The deep blue flowers of Ceanothus 'Joyce Coulter' enliven a front yard. Photo by queerbychoice.Ceanothus is a genus of about 55 evergreen and deciduous groundcovers, shrubs, and small trees growing wild throughout the U.S., Canada, and Mexico south to Guatemala. However, Ceanothus species are far more diverse in California than anywhere else. Many Ceanothus species are commonly called California Lilacs due to the visual resemblance of their flowers to lilacs. However, this genus is not closely related to European lilacs. 

Ceanothus species are highly valued in the garden because they tend to be highly drought tolerant. However, a sure way to kill your ceanothus is to overwater it in the summer! Planting on a slope or atop a mound will help keep its roots happy. But even with the best of care, most Ceanothus species live only 15-20 years. 'Feltleaf Ceanothus' (Ceanothus arboreus, also known as the 'Tree Lilac' or 'Island Mt Lilac'), is the largest species and can live much longer.

Ceanothus species are also valued in the garden for the fact that the vast majority of them are evergreen and have large clusters of flowers, often in vivid shades of blue or purple, sometimes in white or pink. Most Ceanothus species can deal with sun and drought but are also happy with a bit of shade.

Most Ceanothus are frost tender and are mainly grown for their fluffy clusters of white, pink, or blue flowers. A Ceanothus in bloom is one of the sure signs that spring is on its way. Indeed, Ceanothus flowers are an important source of nectar and pollen for early bees, while small birds love the tiny seeds, and the stiff branches provide welcome cover for wildlife.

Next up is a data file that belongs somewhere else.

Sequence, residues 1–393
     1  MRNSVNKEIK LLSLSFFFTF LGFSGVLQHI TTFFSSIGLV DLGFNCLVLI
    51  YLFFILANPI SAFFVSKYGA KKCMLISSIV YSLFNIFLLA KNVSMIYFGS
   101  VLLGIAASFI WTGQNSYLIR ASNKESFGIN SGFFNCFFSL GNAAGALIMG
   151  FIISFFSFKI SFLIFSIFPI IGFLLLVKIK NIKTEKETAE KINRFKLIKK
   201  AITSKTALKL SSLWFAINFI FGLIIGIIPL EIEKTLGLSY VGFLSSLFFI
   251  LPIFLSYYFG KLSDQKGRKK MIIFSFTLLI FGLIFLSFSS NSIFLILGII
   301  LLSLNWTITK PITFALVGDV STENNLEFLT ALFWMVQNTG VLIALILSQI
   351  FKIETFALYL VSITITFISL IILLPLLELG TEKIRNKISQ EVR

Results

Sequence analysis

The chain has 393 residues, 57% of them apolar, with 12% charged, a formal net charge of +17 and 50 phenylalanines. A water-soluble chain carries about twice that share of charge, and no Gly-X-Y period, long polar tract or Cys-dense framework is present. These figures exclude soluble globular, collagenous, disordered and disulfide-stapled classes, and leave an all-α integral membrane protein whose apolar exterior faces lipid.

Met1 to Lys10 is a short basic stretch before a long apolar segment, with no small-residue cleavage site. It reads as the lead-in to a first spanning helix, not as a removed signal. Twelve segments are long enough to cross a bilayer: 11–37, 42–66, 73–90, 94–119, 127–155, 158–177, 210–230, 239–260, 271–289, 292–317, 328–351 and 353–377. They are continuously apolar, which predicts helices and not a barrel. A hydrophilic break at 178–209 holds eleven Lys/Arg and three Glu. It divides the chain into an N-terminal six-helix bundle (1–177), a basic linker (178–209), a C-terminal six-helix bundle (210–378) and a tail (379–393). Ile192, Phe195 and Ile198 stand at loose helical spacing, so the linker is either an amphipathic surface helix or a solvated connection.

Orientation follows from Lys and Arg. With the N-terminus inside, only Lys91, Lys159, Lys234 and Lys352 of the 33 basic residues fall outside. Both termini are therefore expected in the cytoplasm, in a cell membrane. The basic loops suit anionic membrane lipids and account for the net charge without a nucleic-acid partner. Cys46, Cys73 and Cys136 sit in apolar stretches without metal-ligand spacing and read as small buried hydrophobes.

Ceanothus plants can be propagated by softwood cuttings in the summer. 

Locally Native Species

Buckbrush (Ceanothus cuneatus) is the only species of Ceanothus that is native to West Sacramento. Five other species are native in other parts of Yolo County: wavyleaf Ceanothus (Ceanothus foliosus), deerbrush (Ceanothus integerrimus), maritime Ceanothus (Ceanothus maritimus), hairyleaf Ceanothus (Ceanothus oliganthus), and Mahala mat (Ceanothus prostratus). However, many other Ceanothus species and cultivars can be grown in West Sacramento.

Buckbrush (Ceanothus cuneatus) in the wild. Photo by queerbychoice.Maritime Ceanothus (Ceanothus maritimus 'Valley Violet') in a garden in Woodland. Photo by queerbychoice.